Originally Posted by Rob Morse
It is difficult to diagnose based on your description there are a few possibilities, fortunately the electronics pack can be serviced on the component level by any audio repair center, Velodyne can provide the schematics for this model at no charge. You can request a pdf version by emailing your model and serial number to firstname.lastname@example.org
Here's what I've done to try to fix my VA1012 today:
1) It turns out the resistors at R42 and R43 (1.8K ohm) that were originally put on the circuit board from Velodyne were, in fact, 1-watt resistors. The schematic calls for 2-watt resistors in those spots, so I replaced them with 2-watt ones (same resistance with 2% tolerance). I do not know if the lower 1-watt resistors are what is responsible for the discoloration/burning that I see on the circuit board, but using 2-watt ones can't hurt.
2) I found a few references on the web from Velodyne owners that had the same problem (2A main power fuse blowing) and they traced the problem to a faulty bridge rectifier. Since bridge rectifiers are pretty cheap, I decided to invest $2.79 to get a replacement one when I purchased the resistors. The original rectifier was a KBU4D. I picked up an NTE5318, which cross references exactly to a KBU4D.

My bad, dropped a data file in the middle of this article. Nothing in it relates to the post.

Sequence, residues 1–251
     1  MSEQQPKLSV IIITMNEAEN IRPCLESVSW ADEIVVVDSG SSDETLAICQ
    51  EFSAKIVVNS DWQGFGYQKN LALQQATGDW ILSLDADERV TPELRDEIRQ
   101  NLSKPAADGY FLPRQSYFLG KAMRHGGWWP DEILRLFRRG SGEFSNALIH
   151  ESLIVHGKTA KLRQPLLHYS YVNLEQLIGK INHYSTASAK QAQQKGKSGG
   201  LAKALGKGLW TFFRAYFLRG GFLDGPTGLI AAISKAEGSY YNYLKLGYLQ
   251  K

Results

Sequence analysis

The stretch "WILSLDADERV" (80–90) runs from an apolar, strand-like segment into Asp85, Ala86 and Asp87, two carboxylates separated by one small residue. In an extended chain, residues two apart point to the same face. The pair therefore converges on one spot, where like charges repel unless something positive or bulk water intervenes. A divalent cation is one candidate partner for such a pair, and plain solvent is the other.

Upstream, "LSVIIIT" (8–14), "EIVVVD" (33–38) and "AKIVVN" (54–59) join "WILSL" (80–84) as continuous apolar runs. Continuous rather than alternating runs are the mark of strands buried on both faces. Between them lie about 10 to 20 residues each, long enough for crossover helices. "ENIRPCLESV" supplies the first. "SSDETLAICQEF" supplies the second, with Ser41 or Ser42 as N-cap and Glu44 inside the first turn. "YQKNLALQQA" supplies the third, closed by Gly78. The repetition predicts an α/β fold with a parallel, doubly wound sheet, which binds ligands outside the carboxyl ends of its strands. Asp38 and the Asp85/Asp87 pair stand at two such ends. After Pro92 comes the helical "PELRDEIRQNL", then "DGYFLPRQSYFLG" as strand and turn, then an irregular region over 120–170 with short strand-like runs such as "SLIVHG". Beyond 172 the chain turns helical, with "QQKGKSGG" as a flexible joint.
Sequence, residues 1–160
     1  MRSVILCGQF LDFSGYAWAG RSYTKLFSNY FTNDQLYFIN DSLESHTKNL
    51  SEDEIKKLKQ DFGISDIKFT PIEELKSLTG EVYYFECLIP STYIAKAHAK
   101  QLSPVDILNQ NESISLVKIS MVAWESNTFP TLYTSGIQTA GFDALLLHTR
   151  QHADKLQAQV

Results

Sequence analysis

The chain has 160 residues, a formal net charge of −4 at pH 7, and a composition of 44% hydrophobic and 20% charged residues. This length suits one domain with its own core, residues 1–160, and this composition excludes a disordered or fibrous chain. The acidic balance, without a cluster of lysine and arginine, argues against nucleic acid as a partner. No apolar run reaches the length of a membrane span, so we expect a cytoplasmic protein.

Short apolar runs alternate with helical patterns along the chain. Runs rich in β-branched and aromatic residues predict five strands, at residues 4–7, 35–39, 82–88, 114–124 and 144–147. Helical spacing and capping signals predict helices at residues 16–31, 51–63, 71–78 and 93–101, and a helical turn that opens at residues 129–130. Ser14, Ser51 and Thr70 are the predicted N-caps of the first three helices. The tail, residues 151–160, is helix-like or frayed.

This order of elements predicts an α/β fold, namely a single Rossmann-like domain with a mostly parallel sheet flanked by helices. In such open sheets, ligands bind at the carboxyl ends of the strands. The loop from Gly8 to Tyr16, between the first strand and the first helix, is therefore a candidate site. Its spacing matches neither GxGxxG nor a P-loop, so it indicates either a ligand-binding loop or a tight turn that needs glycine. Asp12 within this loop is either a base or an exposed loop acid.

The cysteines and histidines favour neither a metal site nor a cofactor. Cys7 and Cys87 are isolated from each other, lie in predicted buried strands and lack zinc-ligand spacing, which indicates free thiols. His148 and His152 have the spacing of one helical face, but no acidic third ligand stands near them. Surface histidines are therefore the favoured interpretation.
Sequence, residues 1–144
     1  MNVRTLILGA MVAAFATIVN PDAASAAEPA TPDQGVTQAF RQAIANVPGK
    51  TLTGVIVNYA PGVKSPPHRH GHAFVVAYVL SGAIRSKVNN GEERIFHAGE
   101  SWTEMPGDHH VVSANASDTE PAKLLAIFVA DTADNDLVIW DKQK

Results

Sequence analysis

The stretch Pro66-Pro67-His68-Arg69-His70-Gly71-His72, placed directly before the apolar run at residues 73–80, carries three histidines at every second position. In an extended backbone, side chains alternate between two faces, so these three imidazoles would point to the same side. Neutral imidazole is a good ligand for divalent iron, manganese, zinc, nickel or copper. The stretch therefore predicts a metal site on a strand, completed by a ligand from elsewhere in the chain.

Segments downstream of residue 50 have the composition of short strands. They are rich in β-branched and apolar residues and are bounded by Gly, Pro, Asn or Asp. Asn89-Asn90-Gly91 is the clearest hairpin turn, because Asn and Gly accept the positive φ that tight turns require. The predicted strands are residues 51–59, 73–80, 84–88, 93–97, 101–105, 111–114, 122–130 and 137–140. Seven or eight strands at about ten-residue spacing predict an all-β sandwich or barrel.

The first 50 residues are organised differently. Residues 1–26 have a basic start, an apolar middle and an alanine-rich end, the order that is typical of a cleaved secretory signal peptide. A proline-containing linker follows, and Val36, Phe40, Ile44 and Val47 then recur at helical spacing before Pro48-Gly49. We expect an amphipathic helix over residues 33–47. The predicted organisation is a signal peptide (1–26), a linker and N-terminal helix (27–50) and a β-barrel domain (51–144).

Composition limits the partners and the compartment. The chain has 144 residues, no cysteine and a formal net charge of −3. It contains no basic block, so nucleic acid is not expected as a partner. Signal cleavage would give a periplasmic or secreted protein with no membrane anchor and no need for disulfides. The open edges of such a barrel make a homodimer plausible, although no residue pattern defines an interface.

Replacing those did NOT fix the problem. The 2A fuse blows immediately upon turning on the power switch.
3) Next I decided to check the output voltage of the secondary winding on the transformer. I disconnected the secondary wires from the circuit board and, end to end, the secondary measured 67 volts AC. Center-tap to end, it measured 33.5 volts AC (I measured center tap to each end and both halves measured 33.5 volts).
I do not know if 67 volts is too high. I see references to 45 volts on the schematic but that is after the bridge rectifier and several other components that are probably stepping down the voltage. My "gut" again tells me the power transformer is okay, but I'd appreciate some confirmation if you can. I'd simply measure it along the circuit board, but I can't do that because the main power fuse (2A) blows immediately when the secondary windings are connected to the circuit board.
Again, the large capacitors all appear to be perfectly normal. Other than the discoloration around those two resistors, no component looks stressed or dull.
In lieu of you suggesting something else to try, I think the only other thing I can do is to go ahead and spend $20 to replace the Sanyo STK4040II power amplifier. If that doesn't fix it, I don't know where else to turn.